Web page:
About Kazuo Miyagawa

"Naming the most skillful cinematographer of a country is often a difficult task. In Japan the job is simplified somewhat by the international reputation earned by Kazuo Miyagawa," wrote American Cinematographer in 1960. By then a respected industry veteran renowned for his work on masterpieces like Rashomon and Ugetsu, Miyagawa would go on to solidify his standing as Japan's preeminent cinematographer throughout the rest of his extraordinary career, working on over 130 films in total, many of them among the best Japanese cinema has to offer.

Miyagawa, born in Kyoto in 1908, found the roots of his interest in image making through an early study of sumi-e ink painting, which informed his appreciation of the subtle tonal variations within black and white. He once stated, "It was my training in ink painting that really taught me how to see." This eventually led him to take up monochrome still photography as a teenager, shooting photos for a neighborhood clothing store. After high school, Miyagawa landed a job at Nikkatsu's Kyoto studio in 1926. He worked in the film lab, performing technical tasks such as developing and tinting prints until he joined the cinematography department in 1928, where he cut his teeth as a focus puller and second-unit cameraman.

Miyagawa continued to develop his technical expertise and ingenuity, receiving his first credit as cinematographer in 1935. Often working on comedies during this time, he earned the nickname "the comic cameraman." It was in 1943 that he had a major artistic breakthrough with The Rickshaw Man, directed by his early mentor Hiroshi Inagaki, with whom he learned to effectively use tracking shots, cranes and other cinematographic devices. The Rickshaw Man was produced by Daiei — who took over Nikkatsu's Kyoto studio that same year, and for whom Miyagawa continued to work almost exclusively until 1969. Miyagawa has called this film his "origin."

After contributing to the immense success of Akira Kurosawa's Rashomon in 1950, Miyagawa worked with Kenji Mizoguchi on several of his most well-known films--including Ugetsu, Sansho the Bailiff, A Story from Chikamatsu and his first color film, New Tales of the Taira Clan — helping perfect the signature visual style the director developed over the course of his career until his untimely death in 1956. He continued to make his mark throughout the Golden Age of Japanese Cinema at Daiei with other major directors like Kozaburo Yoshimura and Kon Ichikawa, working on up to five films a year. Never hesitating to experiment with cinematic technique, Miyagawa tested the limits of new technologies such as anamorphic formats and color film stocks to find new ways to visually articulate the director's intended vision. Perhaps most notably, he is credited with innovating a bleach bypass film developing technique for Ichikawa's Her Brother, resulting in a uniquely washed out color.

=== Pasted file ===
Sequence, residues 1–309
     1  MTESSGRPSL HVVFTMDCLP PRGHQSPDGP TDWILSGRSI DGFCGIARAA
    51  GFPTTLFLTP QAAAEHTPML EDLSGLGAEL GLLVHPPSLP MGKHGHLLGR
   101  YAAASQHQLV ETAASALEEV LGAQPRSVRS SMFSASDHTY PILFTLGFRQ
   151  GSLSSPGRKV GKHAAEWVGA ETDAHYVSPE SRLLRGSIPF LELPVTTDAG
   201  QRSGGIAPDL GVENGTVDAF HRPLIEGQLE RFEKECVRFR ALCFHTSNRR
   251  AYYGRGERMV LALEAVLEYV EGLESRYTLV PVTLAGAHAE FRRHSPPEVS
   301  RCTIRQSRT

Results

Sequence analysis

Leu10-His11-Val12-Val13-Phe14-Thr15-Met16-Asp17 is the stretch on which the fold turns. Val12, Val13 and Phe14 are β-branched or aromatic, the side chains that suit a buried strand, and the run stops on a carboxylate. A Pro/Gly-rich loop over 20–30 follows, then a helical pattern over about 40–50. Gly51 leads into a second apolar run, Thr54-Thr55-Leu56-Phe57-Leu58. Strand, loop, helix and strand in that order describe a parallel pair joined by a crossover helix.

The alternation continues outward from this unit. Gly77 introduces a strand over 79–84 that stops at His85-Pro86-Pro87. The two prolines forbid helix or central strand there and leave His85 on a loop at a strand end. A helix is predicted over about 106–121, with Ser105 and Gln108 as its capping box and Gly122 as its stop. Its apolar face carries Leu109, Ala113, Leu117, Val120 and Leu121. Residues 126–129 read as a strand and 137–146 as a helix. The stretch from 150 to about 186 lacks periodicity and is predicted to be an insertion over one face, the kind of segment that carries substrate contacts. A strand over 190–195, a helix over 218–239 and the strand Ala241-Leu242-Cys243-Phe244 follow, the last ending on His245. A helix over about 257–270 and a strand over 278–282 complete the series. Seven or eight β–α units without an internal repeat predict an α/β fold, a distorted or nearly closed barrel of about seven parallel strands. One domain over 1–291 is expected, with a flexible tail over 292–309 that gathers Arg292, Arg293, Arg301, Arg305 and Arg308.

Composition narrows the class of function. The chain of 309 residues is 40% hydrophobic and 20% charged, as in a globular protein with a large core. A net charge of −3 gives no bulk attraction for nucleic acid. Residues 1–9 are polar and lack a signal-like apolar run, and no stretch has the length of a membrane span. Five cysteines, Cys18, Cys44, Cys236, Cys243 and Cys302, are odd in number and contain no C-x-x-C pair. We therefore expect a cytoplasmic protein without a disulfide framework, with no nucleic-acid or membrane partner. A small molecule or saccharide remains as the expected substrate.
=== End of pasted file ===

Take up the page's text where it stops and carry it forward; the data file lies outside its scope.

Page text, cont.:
Throughout the 1960s and into the 1970s, Miyagawa also worked with several of Japan's most inventive genre directors such as Kazuo Mori and Kenji Misumi, tackling yakuza, chanbara and exploitation films, including several entries in the popular Zatoichi series. In the later part of his career, he found a creative partner in Japanese New Wave auteur Masahiro Shinoda, with whom he continued to make visually superlative films that garnered international attention such as Silence and Ballad of Orin, the latter of which earned him a Japanese Academy Prize for Best Cinematography. In 1978, Miyagawa received the Medal of Honor with Purple Ribbon from the Japanese government for his contributions to Japanese art. In 1981, he was honored by members of the American Society of Cinematographers at a tribute hosted by the Academy of Motion Pictures Arts and Sciences.

A consummate professional and humble man, Miyagawa wrote in his autobiography, "I am a cinematographer. I've never had any ambition to become a director. A film is not one individual's method of personal expression but a matter of teamwork, a cooperative venture." The cinematographer remained professionally active into his eighties, spending the last part of his life teaching film technique at Osaka University of the Arts, and passed away in Kyoto in 1999 at the age of 91.

Miyagawa production photos courtesy of Kazuo Miyagawa Family

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